Canna lilies may not be true lilies, but they’re every bit as gorgeous in full bloom.
The Canna genus has over 30 species and even more cultivars, and it’s the sole genus in the Cannaceae family.
Canna lily is easy to grow and cold-hardy throughout USDA hardiness zones 7 to 10, you rarely have to worry about them getting sick, so long as you care for them properly.
Yet, Canna rust is one potential disease that can ruin the good looks of your cannas and even kill them if left untreated.
How To Treat Rust On Canna Lilies?
Canna rust is no joke, but it isn’t incurable like viral infections.
Let’s look at rust, how it happens, and what to do about it before and after an infection.
What Is Canna Rust?
Canna rust is a disease caused by Puccinia thaliae and is more prevalent in the southern states.
It can affect several genera beyond cannas, but cannas are its preference.
The spores can transfer via air or water and will feed on the plant’s living tissues.
While the infection begins in the leaves, the fungus can spread to the stems and blooms.
This fungus thrives in heavy humidity or excessive moisture.
Therefore, be extra careful when such weather conditions are present for several days.
Did You Know?: Canna lilies are grown as a food starch in many parts of the world. Thus canna rust can cause significant agricultural damage on top of looking bad.
Telltale Signs Of A Rust Infection
The first potential sign of a rust infection is the weather forecast.
Heavy, prolonged rains can create the perfect breeding ground for Puccinia thaliae, especially if the plants have no shelter from the storm.
The first sign of an actual rust infection is usually chlorosis or the yellowing of the leaves.
This yellowing will often be more mottled than yellowing caused by sun bleaching or other natural causes.
Flecks of brown may also appear among the yellow as it begins to spread.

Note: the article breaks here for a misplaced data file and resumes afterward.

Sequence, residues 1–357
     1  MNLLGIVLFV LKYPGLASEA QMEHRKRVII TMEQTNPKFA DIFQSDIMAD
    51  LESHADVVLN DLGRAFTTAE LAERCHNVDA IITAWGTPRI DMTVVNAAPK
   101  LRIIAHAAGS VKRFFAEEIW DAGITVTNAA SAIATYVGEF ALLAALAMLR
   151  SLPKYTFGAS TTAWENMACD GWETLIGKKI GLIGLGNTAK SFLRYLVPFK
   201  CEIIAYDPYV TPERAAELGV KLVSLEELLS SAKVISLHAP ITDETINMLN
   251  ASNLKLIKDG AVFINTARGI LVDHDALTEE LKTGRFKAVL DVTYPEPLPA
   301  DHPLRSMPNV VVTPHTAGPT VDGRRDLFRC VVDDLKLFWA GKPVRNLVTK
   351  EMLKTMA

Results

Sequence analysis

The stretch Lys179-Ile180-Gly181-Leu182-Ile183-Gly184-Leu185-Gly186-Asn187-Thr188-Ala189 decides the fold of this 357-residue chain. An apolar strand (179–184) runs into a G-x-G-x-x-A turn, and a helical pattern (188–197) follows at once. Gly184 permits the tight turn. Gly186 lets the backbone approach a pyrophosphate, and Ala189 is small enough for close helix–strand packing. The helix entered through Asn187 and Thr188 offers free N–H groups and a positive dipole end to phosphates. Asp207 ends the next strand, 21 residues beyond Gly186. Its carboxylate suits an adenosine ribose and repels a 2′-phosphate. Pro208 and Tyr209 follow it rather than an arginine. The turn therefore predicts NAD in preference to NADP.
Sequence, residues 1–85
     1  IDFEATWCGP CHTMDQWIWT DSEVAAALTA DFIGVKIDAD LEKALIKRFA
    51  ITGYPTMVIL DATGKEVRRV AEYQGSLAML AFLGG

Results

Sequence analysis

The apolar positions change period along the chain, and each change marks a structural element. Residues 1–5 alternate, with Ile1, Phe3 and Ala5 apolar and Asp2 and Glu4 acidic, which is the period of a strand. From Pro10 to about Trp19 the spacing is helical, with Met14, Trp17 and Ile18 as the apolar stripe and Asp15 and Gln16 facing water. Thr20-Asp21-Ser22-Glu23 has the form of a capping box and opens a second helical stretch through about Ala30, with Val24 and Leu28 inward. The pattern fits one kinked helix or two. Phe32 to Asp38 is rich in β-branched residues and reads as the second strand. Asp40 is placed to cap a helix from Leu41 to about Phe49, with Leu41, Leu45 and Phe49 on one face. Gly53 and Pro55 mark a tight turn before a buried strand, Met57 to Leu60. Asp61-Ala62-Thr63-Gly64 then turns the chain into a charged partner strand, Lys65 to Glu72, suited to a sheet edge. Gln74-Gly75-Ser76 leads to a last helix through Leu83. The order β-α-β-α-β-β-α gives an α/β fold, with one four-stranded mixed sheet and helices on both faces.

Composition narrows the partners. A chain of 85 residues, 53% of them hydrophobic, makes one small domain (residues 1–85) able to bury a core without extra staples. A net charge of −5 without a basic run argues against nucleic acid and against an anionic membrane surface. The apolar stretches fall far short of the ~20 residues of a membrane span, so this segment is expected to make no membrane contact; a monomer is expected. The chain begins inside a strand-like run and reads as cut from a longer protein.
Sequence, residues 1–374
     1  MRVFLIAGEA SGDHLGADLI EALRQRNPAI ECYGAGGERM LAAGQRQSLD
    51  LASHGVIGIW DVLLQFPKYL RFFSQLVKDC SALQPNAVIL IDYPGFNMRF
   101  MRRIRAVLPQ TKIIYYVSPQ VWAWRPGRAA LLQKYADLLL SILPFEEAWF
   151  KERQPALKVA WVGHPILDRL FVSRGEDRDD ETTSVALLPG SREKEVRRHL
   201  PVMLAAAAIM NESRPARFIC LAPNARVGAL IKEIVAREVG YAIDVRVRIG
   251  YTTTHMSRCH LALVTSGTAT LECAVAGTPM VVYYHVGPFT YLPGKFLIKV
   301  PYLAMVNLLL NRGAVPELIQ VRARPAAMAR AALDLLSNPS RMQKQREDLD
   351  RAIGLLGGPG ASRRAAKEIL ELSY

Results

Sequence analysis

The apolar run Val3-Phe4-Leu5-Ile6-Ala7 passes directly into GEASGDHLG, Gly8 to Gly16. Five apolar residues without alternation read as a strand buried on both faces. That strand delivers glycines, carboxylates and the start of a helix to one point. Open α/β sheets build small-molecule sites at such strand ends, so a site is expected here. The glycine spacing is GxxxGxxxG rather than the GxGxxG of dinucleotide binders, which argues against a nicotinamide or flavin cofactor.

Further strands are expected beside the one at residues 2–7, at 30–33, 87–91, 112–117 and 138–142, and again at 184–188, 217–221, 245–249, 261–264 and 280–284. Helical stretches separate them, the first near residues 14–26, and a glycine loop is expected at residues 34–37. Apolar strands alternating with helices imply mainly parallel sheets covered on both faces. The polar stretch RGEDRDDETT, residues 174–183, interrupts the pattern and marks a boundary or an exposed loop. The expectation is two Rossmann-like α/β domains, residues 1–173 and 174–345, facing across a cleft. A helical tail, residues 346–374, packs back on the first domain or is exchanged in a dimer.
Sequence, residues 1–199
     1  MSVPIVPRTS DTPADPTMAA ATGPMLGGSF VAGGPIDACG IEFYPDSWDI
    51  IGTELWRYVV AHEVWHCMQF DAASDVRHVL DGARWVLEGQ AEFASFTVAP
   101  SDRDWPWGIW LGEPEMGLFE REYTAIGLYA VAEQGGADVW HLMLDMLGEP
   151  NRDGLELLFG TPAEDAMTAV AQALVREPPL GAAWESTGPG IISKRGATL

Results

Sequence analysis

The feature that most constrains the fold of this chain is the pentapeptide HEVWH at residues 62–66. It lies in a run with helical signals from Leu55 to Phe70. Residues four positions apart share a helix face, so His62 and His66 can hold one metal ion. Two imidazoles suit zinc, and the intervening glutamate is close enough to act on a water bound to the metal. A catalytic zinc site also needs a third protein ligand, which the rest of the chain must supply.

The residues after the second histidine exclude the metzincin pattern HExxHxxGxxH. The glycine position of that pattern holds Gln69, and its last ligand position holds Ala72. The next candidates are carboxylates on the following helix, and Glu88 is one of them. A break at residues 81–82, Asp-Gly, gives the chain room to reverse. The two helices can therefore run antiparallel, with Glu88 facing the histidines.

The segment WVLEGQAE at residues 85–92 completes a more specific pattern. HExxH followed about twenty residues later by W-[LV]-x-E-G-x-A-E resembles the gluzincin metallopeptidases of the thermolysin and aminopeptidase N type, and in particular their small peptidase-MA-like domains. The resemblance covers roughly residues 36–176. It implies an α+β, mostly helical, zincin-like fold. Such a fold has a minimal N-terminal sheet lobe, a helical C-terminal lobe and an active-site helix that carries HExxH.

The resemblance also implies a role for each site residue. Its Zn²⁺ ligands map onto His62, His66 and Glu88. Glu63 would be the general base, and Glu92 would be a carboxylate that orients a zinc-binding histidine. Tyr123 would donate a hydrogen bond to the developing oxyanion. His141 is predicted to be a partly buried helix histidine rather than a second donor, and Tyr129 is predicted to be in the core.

Meanwhile, the fungus is setting up shop on the underside of the leaves.
It enters the plant through its stomata (basically a plant’s sweat pores and means of breathing).
As the fungus multiplies, yellow to tan pustules will appear along the midrib and veins, mainly on the underside.
Eventually, the bumps become numerous enough that they merge into rust-colored patches.
By this point, the top of the infected leaf will begin to develop brown necrotic spots that break apart and leave holes in the leaf.
But the infection doesn’t end there. The fungus works its way down into the stems and flowers, which will show similar symptoms.
Canna rust is resilient, so be careful when using fungicides against it.
Alternate your treatments between contact and systemic fungicides. This method is the best, albeit time-consuming.
Copper-based fungicides work well but can become toxic with extensive use.
Chlorothalonil and mancozeb-based contact fungicides also work well but may negatively impact your garden’s ecosystem.
For systemic fungicides, look for products with the following active ingredients:
- Trifloxystrobin or Triflumizole
Always follow any instructions carefully to avoid the risk of causing chemical burns or soil toxicity.
Sadly, canna rust is almost impossible to get rid of using natural methods.
The three most accessible treatment options are:
- Bacillus subtilis
- Apply neem soil soak
- Remove any diseased leaves
Bacillus subtilis is a natural bacteria safe for plants and the environment. It feeds on fungal spores.
When used as a soil soak, 100% percent cold-pressed neem oil absorbs into the plant. It serves as a systemic pesticide with some anti-microbial and anti-fungal qualities.
Neem won’t harm a fungus until it breaks past the plant’s surface but can help slow or even stop rust if applied every 2 to 3 weeks. It remains potent for up to 22 days per application.
Neem foliar sprays are good for the morning or evening after a heavy rainstorm or humid weather. But they only work if they directly contact rust spores.
Removing diseased leaves and disposing of them through burning is the best way to slow or stop the spread of infection.
If you’re in an area that doesn’t permit burning, you can drop the leaves in pure bleach for a day or two. Then carefully bag them for disposal.
There are many ways you can keep your cannas safe from rust.
One handy way is to place stakes around your garden to attach a tarp or clear plastic sheeting when there’s a storm in the forecast.
Be sure to anchor the rain cover so heavy winds won’t rip it off.
In general, try to buy cultivars that have increased disease resistance.
Always plant your cannas in a sunny location where they’ll get 6 to 8 hours of full sun per day.
This sun exposure gives them healthier growth and fuller blooms. It will also dry any moisture that gets on the leaves.
Always use the soak-and-dry method to water your cannas, ensuring you don’t get any water on the plant itself.
Ensure the soil remains loose and well-draining by adding an aggregate to the soil before planting. Also, provide organic compost to attract earthworms.
Likewise, regular mulching and weeding can help keep humidity under control.